Opponents recommend voting NO because:Sen. Bob Dole (on related bill from 2007, whether to add an amendment allowing photo ID): I am proposing a commonsense measure to uphold the integrity of Federal elections. My amendment to require voters to show photo identification at the polls would go a long way in minimizing potential for voter fraud. When a fraudulent vote is cast and counted, the vote of a legitimate voter is cancelled. This is wrong, and my amendment would help ensure that one of the hallmarks of our democracy, our free and fair elections, is protected. Opinion polls repeatedly confirm that Americans overwhelmingly support this initiative.Proponents support voting YES because:Sen. Dianne Feinstein (on related bill from 2007): If one would want to suppress the vote in the 2008 election, one would vote [for Dole's amendment] this because this measure goes into effect January 1, 2008. It provides that everybody who votes essentially would have to have a photo ID. If you want to suppress the minority vote, the elderly vote, the poor vote, this is exactly the way to do it. Many of these people do not have driver's licenses. This amendment would cost hundreds of millions of dollars to actually carry out. It goes into effect--surprise--January 1, 2008 [to affect the presidential election].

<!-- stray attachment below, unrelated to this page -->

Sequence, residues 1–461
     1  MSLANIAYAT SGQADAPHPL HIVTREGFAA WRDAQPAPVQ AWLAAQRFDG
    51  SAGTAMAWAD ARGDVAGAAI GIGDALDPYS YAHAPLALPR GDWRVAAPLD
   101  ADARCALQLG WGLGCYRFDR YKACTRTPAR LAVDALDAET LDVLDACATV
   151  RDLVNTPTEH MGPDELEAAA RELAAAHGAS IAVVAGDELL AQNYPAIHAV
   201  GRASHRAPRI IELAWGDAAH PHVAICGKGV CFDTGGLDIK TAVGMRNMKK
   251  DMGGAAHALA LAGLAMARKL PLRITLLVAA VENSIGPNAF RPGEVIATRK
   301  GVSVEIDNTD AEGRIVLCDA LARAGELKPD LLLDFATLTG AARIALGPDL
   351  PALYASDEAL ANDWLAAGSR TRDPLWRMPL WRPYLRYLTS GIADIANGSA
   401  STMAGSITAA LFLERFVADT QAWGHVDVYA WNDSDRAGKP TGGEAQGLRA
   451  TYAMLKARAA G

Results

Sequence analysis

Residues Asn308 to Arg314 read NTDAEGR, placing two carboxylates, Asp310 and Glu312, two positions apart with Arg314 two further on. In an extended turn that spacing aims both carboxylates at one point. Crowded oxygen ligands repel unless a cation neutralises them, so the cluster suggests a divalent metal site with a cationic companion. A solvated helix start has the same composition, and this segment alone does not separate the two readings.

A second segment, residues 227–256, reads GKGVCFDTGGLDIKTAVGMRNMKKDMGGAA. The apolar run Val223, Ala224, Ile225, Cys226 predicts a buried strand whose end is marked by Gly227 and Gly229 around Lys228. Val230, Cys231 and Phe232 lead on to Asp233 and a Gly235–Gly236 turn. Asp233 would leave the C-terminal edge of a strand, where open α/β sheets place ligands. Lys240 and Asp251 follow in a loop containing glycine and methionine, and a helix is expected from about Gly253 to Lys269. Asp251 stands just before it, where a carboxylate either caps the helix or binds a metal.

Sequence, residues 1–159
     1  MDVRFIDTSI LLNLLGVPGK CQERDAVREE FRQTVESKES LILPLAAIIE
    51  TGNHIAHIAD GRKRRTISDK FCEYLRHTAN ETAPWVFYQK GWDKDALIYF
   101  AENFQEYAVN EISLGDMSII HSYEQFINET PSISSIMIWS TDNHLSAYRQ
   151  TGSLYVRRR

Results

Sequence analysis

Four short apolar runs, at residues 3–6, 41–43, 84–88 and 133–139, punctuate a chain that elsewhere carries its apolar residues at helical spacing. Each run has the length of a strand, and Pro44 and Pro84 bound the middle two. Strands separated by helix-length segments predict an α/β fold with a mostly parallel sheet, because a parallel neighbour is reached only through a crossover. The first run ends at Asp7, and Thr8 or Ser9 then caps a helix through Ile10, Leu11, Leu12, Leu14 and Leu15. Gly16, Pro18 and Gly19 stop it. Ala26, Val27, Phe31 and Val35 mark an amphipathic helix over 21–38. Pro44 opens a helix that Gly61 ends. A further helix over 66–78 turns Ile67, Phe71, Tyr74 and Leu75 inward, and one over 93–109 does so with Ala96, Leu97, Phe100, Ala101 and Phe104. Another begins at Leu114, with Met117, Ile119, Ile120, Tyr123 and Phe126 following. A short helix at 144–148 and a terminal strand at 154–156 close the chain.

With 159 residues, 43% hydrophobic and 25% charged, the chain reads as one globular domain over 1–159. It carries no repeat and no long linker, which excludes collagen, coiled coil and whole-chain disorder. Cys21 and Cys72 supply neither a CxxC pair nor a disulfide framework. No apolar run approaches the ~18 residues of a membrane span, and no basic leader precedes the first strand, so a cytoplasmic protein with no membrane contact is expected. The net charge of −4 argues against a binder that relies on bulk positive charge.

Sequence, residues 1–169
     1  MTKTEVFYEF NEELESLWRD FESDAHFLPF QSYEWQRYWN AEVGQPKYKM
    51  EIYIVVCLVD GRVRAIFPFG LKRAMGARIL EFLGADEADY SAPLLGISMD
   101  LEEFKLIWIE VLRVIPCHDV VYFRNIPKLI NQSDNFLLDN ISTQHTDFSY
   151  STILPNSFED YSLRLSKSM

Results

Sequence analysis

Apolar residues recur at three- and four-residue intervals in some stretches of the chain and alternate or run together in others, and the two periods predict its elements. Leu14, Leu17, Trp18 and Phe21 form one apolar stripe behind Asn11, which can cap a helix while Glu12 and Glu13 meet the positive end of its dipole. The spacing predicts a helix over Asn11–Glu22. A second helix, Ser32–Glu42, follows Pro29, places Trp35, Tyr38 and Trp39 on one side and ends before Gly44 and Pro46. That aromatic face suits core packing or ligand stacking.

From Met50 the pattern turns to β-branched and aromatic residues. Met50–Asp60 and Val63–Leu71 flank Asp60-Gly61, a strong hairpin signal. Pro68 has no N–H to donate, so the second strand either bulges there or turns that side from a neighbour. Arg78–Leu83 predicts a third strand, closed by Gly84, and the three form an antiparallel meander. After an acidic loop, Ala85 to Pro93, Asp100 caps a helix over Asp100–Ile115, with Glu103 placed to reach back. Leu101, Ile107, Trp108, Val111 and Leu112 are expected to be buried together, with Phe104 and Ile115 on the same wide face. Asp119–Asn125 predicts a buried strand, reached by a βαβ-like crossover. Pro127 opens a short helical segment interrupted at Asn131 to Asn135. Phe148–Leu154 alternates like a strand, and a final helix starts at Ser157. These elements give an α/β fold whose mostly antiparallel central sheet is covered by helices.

Proponent's argument in favor (by Reps. Nancy Pelosi & John Sarbanes): Citizens United shook the foundation of our democracy: the principle that it is the voices of the people, not the bank accounts of the privileged few, that determine the outcome of our elections and the policies of our government. Most members of Congress would leap at the chance to fund their campaigns without having to turn to a familiar cast of big donors and entrenched interests. Today, that's virtually impossible. But we can and must break the grip of special interests on our politics: rally around H.R. 20.
Opponent's argument against (The Examiner): The proposed legislation seeks to undo the Citizens United v. FEC ruling which has been a thorn in the side of progressives ever since the Supreme Court ruled in 2010 that political spending was "a form of protected speech under the First Amendment." Although the "Government by the People Act" innocently claims to want to get big money out of politics, the real goal is to smash the Tea Party. The fear that conservative groups would have access to funds typically granted to progressive groups and unions was too much to bear.
Supporters reasons for voting YEA:Rep. Sarbanes: Big money warps Congress' priorities and erodes the public's trust in government. This bold new legislation returns voice and power back to the American people: